Authors
Anastasia Scrutton
University of Leeds
Abstract
Some recent considerations of religion and psychiatry have drawn a distinction between pathological and spiritual/mystical experiences of mental phenomena typically regarded as within the realm of psychiatry (e.g. depression, hearing voices, seeing visions/hallucinations). Such a distinction has clinical implications, particularly in relation to whether some religious people who suffer from depression, hear voices, or see visions should be biomedically treated. Approaching this question from a theological and philosophical perspective, I draw a distinction between (what I call) ‘spiritual health’ (SH) and ‘potentially transformative’ (PT) theologies, arguing that a PT model is therapeutically and philosophically more sound than a SH one. I then apply this to the clinical debate in critical dialogue with Dein and Durà-Vilà’s 2009 article, ‘The Dark Night of the Soul: spiritual distress and psychiatric implications’. My primary focus is on depression, though the discussion is also relevant to debates about psychosis and schizophrenia.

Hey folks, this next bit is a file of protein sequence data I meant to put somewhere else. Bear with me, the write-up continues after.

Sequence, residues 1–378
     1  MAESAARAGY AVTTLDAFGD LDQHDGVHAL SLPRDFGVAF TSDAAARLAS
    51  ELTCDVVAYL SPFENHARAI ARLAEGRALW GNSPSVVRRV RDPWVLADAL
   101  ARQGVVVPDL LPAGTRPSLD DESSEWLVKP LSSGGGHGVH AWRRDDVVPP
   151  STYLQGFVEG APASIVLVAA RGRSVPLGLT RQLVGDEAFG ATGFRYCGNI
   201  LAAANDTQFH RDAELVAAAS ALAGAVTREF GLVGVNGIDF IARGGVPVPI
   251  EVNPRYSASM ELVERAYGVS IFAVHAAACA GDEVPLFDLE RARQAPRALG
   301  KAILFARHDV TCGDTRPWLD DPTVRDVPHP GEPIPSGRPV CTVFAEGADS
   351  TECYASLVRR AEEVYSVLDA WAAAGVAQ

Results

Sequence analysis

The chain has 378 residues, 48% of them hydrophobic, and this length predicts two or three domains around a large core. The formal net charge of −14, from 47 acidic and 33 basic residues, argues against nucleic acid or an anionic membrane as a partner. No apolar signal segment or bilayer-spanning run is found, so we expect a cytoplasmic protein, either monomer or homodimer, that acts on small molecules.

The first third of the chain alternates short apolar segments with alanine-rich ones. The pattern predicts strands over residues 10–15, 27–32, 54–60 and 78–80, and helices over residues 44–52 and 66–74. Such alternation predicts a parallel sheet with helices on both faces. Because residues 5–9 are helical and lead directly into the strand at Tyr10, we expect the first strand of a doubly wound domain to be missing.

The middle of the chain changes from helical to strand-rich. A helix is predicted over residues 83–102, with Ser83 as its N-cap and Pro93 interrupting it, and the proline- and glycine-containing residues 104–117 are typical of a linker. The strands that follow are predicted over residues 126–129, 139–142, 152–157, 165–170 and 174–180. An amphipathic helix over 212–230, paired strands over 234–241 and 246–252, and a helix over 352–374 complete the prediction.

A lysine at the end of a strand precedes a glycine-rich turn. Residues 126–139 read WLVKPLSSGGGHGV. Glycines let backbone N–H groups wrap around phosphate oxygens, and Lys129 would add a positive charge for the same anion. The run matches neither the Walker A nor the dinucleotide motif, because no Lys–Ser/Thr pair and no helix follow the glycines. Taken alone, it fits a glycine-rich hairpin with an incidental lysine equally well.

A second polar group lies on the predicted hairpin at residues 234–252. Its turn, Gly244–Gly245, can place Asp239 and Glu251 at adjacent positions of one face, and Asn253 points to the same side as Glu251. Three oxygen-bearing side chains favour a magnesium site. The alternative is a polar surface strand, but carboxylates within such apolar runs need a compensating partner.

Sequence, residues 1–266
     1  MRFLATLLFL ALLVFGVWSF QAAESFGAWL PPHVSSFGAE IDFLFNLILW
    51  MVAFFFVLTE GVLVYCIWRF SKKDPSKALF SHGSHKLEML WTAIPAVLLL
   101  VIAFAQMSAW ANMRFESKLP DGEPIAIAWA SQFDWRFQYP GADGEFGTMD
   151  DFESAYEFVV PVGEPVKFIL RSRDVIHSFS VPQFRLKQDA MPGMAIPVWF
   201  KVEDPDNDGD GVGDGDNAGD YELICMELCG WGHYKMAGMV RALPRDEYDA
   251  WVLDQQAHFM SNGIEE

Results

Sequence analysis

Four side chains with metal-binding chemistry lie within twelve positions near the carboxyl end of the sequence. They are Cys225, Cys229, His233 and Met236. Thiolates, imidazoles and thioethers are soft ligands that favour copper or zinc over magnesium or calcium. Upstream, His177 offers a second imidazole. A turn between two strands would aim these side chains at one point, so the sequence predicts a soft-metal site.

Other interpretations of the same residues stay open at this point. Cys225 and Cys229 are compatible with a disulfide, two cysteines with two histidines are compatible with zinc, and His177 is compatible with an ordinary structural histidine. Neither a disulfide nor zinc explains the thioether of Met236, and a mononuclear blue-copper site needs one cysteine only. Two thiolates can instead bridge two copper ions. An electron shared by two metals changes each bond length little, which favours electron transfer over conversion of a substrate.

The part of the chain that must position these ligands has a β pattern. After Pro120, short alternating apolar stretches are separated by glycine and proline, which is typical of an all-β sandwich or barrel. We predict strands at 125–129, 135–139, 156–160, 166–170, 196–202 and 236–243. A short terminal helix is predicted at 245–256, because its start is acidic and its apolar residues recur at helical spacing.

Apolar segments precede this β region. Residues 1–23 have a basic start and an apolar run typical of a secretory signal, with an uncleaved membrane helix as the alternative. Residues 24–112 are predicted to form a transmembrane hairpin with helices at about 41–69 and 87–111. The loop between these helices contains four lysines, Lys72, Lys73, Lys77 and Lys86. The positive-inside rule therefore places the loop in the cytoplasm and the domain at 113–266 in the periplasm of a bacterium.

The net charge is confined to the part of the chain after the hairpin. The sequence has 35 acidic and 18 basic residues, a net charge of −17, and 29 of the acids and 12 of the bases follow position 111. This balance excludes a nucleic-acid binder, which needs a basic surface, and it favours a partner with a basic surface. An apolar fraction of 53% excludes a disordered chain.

Keywords suffering  mystics  mental illness  Dark Night of the Soul
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